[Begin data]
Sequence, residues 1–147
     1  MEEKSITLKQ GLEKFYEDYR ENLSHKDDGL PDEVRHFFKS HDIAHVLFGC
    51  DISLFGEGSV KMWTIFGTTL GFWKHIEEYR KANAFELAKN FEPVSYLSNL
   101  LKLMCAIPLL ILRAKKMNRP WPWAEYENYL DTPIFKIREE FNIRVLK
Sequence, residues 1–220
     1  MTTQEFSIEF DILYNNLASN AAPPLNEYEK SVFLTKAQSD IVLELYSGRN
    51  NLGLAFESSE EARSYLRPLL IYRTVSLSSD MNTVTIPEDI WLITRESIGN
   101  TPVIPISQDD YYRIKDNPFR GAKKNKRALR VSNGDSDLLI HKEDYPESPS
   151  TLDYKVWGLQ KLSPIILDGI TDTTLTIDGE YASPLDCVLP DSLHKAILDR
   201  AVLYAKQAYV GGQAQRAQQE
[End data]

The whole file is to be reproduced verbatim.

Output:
Sequence, residues 1–147
     1  MEEKSITLKQ GLEKFYEDYR ENLSHKDDGL PDEVRHFFKS HDIAHVLFGC
    51  DISLFGEGSV KMWTIFGTTL GFWKHIEEYR KANAFELAKN FEPVSYLSNL
   101  LKLMCAIPLL ILRAKKMNRP WPWAEYENYL DTPIFKIREE FNIRVLK
Sequence, residues 1–220
     1  MTTQEFSIEF DILYNNLASN AAPPLNEYEK SVFLTKAQSD IVLELYSGRN
    51  NLGLAFESSE EARSYLRPLL IYRTVSLSSD MNTVTIPEDI WLITRESIGN
   101  TPVIPISQDD YYRIKDNPFR GAKKNKRALR VSNGDSDLLI HKEDYPESPS
   151  TLDYKVWGLQ KLSPIILDGI TDTTLTIDGE YASPLDCVLP DSLHKAILDR
   201  AVLYAKQAYV GGQAQRAQQE